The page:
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Have you heard about: Case Dagorhir?

Brian Slayton

Issue date: 10/17/08 Section: News
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Founded by Case senior Nikhil Sriram, Case Dagorhir gathers near Leuther to stage mock battles using foam weaponry and shields.
Media Credit: Courtesy Case Dagorhir
Founded by Case senior Nikhil Sriram, Case Dagorhir gathers near Leuther to stage mock battles using foam weaponry and shields.

On a Friday afternoon at the end of a long week, many students just want to relax and nap before the weekend begins. But senior Nikhil Sriram, the president and founder of Case's Dagorhir club, grabs his sword and heads out to the field behind Leutner dining hall to do battle.

Dagorhir is becoming increasingly popular across college campuses. Participants use handmade padded weapons to fight with one another in a variety of games, such as capture the flag and kill the target, with an emphasis on athleticism and eye-hand coordination.

Dagorhir dates back to 1977 when a group of college friends who shared an enthusiasm for Lord of the Rings and medieval history organized the first battle. Weekly fights were held, and friends were encouraged to come out and test their skills. Over the next few years, Dagorhir was showcased on a number of local college radio shows, and the sensation kept growing to the world-recognized state it is now.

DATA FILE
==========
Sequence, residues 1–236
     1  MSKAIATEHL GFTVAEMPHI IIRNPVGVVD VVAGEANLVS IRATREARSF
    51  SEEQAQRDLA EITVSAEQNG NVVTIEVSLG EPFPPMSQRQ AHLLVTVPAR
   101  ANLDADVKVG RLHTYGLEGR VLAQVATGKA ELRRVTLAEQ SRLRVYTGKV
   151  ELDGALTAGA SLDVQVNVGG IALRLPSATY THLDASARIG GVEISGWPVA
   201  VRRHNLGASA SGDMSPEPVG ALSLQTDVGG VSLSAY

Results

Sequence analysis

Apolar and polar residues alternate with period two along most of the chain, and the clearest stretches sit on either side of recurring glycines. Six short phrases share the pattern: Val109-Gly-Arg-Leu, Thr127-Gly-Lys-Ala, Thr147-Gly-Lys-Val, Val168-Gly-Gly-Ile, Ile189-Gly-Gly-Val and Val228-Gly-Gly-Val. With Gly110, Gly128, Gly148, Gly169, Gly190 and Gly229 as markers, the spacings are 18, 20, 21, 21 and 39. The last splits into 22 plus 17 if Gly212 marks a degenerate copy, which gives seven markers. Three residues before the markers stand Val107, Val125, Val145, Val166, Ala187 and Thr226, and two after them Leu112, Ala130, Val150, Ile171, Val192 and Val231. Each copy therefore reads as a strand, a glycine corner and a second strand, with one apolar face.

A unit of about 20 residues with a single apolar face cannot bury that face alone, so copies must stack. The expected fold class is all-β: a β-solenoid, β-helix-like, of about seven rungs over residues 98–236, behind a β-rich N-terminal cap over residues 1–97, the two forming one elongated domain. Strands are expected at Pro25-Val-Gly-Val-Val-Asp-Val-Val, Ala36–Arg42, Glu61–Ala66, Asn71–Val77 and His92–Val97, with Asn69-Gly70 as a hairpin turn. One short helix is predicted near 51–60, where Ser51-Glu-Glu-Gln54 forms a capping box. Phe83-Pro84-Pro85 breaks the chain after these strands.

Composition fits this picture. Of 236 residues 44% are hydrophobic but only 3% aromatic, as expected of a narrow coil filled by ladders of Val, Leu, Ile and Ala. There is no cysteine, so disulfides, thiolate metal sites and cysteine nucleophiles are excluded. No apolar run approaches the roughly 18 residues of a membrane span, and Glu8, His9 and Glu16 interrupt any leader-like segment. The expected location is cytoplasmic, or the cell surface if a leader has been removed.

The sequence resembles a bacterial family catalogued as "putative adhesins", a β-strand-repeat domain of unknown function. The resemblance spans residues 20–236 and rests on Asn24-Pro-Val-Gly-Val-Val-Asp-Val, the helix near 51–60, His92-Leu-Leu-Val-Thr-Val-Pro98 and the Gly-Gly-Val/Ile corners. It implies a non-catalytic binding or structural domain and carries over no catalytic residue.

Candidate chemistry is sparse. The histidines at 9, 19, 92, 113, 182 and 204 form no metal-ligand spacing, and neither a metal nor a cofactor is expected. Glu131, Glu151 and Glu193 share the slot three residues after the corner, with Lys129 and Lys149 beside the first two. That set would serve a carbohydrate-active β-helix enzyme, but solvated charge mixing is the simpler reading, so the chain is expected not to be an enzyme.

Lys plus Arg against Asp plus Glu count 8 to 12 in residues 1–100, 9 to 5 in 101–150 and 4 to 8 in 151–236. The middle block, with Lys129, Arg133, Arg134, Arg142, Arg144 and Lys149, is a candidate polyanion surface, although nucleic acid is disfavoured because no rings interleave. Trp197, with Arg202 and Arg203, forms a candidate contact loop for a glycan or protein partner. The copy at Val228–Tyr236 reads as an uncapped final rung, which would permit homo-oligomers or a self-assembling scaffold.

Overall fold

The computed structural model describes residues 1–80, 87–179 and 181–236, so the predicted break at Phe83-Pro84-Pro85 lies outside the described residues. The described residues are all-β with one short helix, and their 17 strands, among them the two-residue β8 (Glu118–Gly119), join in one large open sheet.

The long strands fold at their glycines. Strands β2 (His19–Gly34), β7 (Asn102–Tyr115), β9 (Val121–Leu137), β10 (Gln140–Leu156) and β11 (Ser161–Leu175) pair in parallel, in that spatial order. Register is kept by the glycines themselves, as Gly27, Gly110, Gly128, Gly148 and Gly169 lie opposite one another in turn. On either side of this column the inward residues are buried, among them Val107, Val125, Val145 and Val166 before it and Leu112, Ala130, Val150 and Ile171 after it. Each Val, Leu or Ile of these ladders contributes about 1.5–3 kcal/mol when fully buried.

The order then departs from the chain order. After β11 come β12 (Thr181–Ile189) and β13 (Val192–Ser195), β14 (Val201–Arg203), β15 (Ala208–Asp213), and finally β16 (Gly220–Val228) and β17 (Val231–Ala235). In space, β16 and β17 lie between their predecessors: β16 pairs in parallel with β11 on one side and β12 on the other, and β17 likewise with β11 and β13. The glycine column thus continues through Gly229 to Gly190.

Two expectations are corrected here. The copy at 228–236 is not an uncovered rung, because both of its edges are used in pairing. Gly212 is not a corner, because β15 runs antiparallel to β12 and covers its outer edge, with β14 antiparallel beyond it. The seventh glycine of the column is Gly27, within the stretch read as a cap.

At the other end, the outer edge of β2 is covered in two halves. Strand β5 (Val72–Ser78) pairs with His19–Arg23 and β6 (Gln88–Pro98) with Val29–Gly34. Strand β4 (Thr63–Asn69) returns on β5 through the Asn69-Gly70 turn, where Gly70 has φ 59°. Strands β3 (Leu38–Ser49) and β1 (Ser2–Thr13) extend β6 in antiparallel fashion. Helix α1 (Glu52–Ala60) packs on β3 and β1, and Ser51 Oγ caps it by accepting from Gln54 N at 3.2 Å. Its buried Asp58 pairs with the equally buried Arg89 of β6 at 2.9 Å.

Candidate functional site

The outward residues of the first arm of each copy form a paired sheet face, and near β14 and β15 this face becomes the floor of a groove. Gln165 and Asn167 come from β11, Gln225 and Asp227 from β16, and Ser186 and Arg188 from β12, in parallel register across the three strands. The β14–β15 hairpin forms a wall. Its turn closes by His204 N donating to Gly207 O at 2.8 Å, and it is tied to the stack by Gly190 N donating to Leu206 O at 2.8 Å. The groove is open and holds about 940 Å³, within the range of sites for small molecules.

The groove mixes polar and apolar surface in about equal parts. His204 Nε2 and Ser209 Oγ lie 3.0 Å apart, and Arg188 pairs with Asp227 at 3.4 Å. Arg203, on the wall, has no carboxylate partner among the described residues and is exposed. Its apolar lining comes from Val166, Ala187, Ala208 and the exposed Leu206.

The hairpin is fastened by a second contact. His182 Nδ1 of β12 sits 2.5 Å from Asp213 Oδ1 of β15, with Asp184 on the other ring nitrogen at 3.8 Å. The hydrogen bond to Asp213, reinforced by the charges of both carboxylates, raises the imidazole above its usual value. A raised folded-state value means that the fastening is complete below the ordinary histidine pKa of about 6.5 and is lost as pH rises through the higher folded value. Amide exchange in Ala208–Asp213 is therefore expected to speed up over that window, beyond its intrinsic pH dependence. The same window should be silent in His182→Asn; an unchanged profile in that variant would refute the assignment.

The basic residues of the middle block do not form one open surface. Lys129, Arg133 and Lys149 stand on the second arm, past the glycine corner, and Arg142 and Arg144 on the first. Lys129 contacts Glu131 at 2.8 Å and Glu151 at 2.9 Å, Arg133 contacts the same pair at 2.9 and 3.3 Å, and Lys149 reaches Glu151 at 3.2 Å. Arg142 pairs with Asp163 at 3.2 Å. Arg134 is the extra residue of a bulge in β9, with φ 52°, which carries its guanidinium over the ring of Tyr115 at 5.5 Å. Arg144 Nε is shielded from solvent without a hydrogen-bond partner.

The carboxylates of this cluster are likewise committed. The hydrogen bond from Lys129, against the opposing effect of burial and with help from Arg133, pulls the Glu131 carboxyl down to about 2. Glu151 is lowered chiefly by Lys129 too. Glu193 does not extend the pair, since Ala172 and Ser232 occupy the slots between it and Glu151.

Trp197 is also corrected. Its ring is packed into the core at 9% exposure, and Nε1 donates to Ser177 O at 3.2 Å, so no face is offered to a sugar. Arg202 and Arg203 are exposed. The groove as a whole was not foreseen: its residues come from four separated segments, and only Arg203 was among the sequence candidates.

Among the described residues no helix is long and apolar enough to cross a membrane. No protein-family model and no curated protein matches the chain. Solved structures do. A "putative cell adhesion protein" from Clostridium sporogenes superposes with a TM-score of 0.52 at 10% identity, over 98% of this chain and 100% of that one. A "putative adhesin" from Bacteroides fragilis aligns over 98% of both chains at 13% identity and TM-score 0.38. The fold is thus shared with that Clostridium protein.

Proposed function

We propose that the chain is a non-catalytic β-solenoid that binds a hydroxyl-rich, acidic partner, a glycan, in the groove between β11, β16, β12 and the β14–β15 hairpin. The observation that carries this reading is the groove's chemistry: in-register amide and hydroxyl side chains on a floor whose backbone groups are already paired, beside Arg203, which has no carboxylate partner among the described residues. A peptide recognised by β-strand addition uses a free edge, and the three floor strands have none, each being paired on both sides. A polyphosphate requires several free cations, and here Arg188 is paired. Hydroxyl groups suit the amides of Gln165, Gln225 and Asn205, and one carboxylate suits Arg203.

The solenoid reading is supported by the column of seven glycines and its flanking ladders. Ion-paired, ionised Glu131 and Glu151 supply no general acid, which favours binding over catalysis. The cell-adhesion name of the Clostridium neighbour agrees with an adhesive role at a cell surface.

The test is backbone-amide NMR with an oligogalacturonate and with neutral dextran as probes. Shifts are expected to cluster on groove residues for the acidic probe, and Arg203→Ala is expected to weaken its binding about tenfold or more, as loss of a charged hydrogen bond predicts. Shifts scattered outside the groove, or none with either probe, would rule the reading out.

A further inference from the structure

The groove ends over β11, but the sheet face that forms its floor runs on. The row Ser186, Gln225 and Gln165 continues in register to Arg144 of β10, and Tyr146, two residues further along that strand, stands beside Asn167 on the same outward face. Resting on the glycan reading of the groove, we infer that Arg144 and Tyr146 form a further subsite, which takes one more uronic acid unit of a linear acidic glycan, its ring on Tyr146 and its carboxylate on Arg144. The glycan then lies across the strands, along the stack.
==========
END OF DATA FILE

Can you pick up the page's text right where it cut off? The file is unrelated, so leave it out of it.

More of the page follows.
Sriram revealed the sport to the CWRU campus during his sophomore year. He actively fought in high school and was not willing to give up a large part of his life prior to college. As he explained, "I was involved in a strong group in high school where ex-Marines would fight." Under his leadership, membership has steadily grown over the past two years.

All weapons used are assembled to be safe and can be swung with any amount of force, and all imaginable types of weapons are legal as long as they are handmade. PVC pipe, foam, and creativity are the sole ingredients of a Dagorhir weapon.

"No weapon should cost more than five dollars to make, and all materials can be found at your local store," Sriram added.

Even though it is not a role playing game, fighters are encouraged to dress up. You may have already seen Sriram wearing his all-metal shirt or someone else in medieval clothing. The emphasis is on fighting, but Dagorhir is largely a spectator sport. The purpose of the clothing is to entertain the audience as much as it is to benefit the fighters. "Armor and clothing add a new element to the fight and make it feel more realistic," he said.
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